As a die hard software testing consultant, I’ve had a hypersensitive allergy to working on long term projects or committing myself to working in one company. You can imagine my surprise when I found myself signing up to my latest gig – a permanent role in Tyro Payments.
But on reflection, it’s perhaps not all that surprising. My personal blog is called Maverick Tester. I chose the name, because I want my testing to remain congruent with my values and beliefs. For me, this has resulted in being an outsider and a disruptor to a testing industry unfortunately riddled with easy money by selling ‘best practice’. My aversion to the concept of best practice has grown over the years as in reality it fails miserably.
Tyro Payments avoids ‘best practice’ too. Here, we adapt and react to the market and consumer demand, as opposed to imposing a rigid and inflexible doctrine. We see the future and we embrace it, as opposed to shackling it with ancient rites and rituals.
Many people see testing as a consistent repeatable process, tending to rigidity in its application, heavily dependent on scripts (be they physical documents or code). It’s a practice that tends to be adopted by sincere people who know little or nothing about testing. Experienced testers know that testing is performed despite any onerous documentation forced upon them. Don’t believe me? Sit down and watch one at work!
To keep alive a person needs to breathe. You breathe in, but you also need to breathe out. At Tyro, as we develop so we test, the two are not separable. We also perceive testing as a skilled activity performed by many. It’s a verb, a ‘doing’ thing. Imagine being asked to describe ahead of time precise directions to a street parking spot in Sydney. You don’t know where the parking spot is, how can you hope to provide exact instructions?
Yet, when testers are asked to find bugs, they are expected to write hundreds of these ‘directions’ and then follow them repeatedly.
I’d like to suggest an alternative approach. If someone did ask you for help in finding a parking spot in Sydney, I imagine you would use some common strategies. For instance you may consider the day of the week, or the time of the day to help you assess and guide your decision. You have spots around Sydney that have worked for you in the past. These strategies work sometimes and sometimes they fail. As humans we accept that fallibility. Similarly in testing we use heuristics and strategies to help guide our bug investigation, acknowledging our frailty as humans to get it right all the time.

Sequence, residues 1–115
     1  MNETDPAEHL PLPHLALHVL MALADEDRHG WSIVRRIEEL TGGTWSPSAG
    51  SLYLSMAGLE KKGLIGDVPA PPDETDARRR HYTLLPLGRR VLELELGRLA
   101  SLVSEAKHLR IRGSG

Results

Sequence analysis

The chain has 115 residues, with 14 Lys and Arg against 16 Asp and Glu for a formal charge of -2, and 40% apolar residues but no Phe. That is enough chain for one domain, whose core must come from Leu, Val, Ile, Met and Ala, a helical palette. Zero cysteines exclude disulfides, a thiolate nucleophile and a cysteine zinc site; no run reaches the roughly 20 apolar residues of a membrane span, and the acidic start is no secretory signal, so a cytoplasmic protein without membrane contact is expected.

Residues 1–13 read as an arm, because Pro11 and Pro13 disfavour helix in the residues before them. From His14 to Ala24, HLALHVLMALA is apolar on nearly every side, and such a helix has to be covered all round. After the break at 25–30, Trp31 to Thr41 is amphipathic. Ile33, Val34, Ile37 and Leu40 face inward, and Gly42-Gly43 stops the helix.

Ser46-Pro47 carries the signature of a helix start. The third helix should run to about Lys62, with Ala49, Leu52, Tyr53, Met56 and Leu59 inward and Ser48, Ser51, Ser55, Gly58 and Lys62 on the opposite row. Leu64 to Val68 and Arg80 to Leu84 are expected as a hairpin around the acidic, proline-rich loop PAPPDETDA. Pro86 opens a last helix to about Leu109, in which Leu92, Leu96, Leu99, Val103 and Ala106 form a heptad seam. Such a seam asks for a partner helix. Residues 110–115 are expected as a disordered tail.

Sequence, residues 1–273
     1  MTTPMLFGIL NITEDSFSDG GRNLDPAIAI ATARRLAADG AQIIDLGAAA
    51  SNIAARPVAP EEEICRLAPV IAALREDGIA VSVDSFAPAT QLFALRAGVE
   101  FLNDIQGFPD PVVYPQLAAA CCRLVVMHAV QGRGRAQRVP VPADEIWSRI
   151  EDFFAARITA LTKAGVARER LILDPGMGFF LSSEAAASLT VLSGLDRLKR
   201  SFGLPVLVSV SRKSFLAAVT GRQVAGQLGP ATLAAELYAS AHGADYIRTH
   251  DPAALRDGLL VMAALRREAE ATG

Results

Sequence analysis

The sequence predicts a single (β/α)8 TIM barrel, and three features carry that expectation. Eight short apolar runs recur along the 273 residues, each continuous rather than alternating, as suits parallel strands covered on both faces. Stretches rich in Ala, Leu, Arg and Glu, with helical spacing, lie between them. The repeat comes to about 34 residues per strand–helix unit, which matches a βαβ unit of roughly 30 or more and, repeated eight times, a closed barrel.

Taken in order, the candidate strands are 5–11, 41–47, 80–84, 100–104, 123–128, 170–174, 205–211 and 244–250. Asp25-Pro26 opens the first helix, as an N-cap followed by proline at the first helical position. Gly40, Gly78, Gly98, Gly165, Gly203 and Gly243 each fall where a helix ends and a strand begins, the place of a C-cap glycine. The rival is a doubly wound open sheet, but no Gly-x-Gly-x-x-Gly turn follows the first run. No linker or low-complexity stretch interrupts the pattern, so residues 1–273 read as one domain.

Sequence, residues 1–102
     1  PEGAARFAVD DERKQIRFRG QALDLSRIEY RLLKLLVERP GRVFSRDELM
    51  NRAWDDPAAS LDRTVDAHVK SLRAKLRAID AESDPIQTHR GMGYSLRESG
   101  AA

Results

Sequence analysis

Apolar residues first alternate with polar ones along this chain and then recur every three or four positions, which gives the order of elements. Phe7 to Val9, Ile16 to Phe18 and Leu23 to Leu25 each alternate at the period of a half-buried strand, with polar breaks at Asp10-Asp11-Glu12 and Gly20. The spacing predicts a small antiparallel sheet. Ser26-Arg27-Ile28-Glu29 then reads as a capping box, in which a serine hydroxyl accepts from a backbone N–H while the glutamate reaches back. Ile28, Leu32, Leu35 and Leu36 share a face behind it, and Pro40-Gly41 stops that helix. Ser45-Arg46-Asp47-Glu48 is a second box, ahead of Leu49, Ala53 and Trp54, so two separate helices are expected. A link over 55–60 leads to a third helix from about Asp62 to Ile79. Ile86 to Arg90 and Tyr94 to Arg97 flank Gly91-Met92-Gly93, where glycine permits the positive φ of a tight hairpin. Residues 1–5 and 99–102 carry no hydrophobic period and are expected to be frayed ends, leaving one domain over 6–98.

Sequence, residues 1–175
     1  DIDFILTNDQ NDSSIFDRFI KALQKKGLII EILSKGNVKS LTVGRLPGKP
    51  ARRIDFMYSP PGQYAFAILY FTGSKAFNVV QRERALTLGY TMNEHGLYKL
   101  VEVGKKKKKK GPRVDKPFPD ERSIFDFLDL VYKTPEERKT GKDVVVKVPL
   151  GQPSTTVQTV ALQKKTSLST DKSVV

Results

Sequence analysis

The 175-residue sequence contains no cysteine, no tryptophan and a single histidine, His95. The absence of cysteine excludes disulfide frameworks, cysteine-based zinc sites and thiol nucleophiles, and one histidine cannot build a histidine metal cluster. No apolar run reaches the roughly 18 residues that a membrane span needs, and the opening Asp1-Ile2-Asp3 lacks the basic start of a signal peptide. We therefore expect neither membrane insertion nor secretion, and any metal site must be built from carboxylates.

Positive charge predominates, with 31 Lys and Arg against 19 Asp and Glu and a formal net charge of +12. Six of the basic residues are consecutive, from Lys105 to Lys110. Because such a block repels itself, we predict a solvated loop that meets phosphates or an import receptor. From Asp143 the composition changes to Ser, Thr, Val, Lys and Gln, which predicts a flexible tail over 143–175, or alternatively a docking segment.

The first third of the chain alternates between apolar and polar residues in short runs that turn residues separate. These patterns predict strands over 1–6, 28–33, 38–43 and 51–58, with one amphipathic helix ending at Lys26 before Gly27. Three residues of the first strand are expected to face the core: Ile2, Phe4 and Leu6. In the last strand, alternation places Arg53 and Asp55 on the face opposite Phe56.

It all makes sense right? But these ideas are a massive disruption to the testing industry which up to now has sold factory style testing as best practice and expensive software testing tools as silver bullets.
Tyro Payments is a disruptor to the banking sector. Its goal is to shake up the banking industry and be a champion for small business.
Disruption is fairly easy to create but it’s not always easy to control the effect. Challenging the status quo can be fun, but how to effect real long term change requires maturity and careful planning. It’s not good enough to disrupt a market or a concept and then go away hoping for positive change to adopt itself through some sort of mystical osmosis. Effective change requires deliberate action. In testing, that means helping people adopt new ideas through experiencing them. Typically this is done through coaching and mentoring.
To be effective at disruption also requires a culture that embraces change and offers a safe environment to fail – a philosophy passionately adopted by Tyro.
And that’s why I’m now a Tyro employee. Together we will disrupt the world !